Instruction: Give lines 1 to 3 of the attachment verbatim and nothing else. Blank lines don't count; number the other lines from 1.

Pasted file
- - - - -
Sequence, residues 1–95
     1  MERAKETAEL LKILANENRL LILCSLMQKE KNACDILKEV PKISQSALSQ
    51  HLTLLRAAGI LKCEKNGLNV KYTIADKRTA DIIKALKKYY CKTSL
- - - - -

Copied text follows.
Sequence, residues 1–95
     1  MERAKETAEL LKILANENRL LILCSLMQKE KNACDILKEV PKISQSALSQ
    51  HLTLLRAAGI LKCEKNGLNV KYTIADKRTA DIIKALKKYY CKTSL